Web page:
The following question is often asked of our office. Our first response is usually, “well, what do you mean by dating?” After all, in today’s Snapchat / Instagram / text-messaging world of teenagers and young adults, “dating” may only be going to a school dance together or maybe a party at a friend’s house, supervised by parents. It also may be quite a bit more, including all forms of sex.
“Dating,” if it includes nothing more than occasionally holding hands and going to dinner, studying together at a coffee shop, going to a movie or going to a school dance together – and nothing more – is perfectly fine. It is probably wise to have the parents of the young man and the young woman aware of the relationship and in approval of it.
Even this seemingly safe level of a relationship, however, can trigger false accusations of statutory rape (Penal Code § 261.5), sexual battery (Penal Code § 243.4), child molestation (Penal Code § 647.6, also called annoying a child under 18), oral copulation with a minor (Penal Code § 288a) or, more generally, lewd and lascivious conduct with a child (Penal Code § 288(a)) by a jealous person, a mistaken observer or an angry parent who may not understand how serious the consequences of such accusations can be for the eighteen year old.
More shocking is the potential for the 15-year-old, once the relationship ends, to contact the police and, emotionally claim that she was forcibly raped by the 18-year-old, perhaps multiple times. After all, her consent is irrelevant. Her tears and the details of her claim help her credibility.
The consequences may be that the 18-year-old is convicted, or enters into a plea bargain wherein he is ordered to register a sex offender under Penal Code § 290 for the rest of his life, may be barred from many occupations and may be ostracized by all his friends and even his family.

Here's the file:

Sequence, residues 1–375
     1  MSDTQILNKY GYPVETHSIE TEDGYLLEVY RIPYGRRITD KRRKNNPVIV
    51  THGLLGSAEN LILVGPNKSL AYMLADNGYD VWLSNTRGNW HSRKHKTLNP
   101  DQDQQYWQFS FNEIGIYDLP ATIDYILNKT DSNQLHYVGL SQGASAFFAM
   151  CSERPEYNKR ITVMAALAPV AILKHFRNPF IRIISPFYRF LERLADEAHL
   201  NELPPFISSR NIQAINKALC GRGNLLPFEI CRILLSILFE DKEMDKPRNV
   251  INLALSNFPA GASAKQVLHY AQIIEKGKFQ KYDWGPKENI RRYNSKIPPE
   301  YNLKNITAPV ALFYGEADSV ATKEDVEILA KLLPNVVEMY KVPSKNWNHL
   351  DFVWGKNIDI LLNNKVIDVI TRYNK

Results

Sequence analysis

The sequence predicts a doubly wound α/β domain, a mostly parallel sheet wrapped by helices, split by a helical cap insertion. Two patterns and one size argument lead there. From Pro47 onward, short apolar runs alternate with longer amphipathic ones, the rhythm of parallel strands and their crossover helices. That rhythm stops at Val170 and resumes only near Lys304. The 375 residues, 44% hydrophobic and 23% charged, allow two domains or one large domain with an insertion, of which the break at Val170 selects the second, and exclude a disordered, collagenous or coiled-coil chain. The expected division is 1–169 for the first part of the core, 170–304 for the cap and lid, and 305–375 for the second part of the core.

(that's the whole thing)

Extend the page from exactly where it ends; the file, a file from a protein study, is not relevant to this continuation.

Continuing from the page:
Worse yet, the 18-year-old may serve time in county jail or state prison, where sex offenders are treated with special contempt and often violence by other inmates. It can be a very dangerous place for a sex offender. One of our clients, age 18, spent time in county jail for statutory rape (he had quite a long record) and was attacked by other inmates, receiving a wound that required 90 stitches to close and left him with quite a scar.
For purposes of this article, it is assumed that the fifteen-year-old is a female and the eighteen-year-old is a male.
The critical law to understanding the gravity of the danger is to understand that a person under 18, under California law, cannot legally consent to sexual conduct (Penal Code § 261.5(a) (defining minor)). As mentioned above, a minor’s consent to sexual contact is irrelevant in the eyes of the law in California (in many other states, the age of consent is younger).
Sometimes, there is no sexual contact, but the two who are “dating” may sext each other photographs that are meant to arouse the other and lead to sexual contact. This can be a violation of Penal Code § 288.2 (transmitting sexual images to a minor with the intent to arouse) or Penal Code § 288.3 (contacting a minor with intent to commit a sexual offense).
Our advice to any adult, including someone who is 18, who seeks to date a fifteen-year-old is simple: do not. Wait until she is 18. It is simply far too dangerous. While it may be coveted to claim one is “dating” such and so, there is a considerable price to pay if the minor wants revenge when the relationship ends or if a purportedly concerned parent wants to end the relationship. It is best to not claim one is “dating” another person even if one wants to say this. “Dating” can certainly imply sexual contact, which is illegal between a fifteen-year-old and an eighteen-year-old. This obviously can be a big problem.
For more information about problems of dating a minor, please click on the following articles:
- What Is Statutory Rape?
- Conviction Overturned for Lewd Acts upon a Child
- What Is Meeting a Child for Lewd Purposes (Penal Code § 288.4)?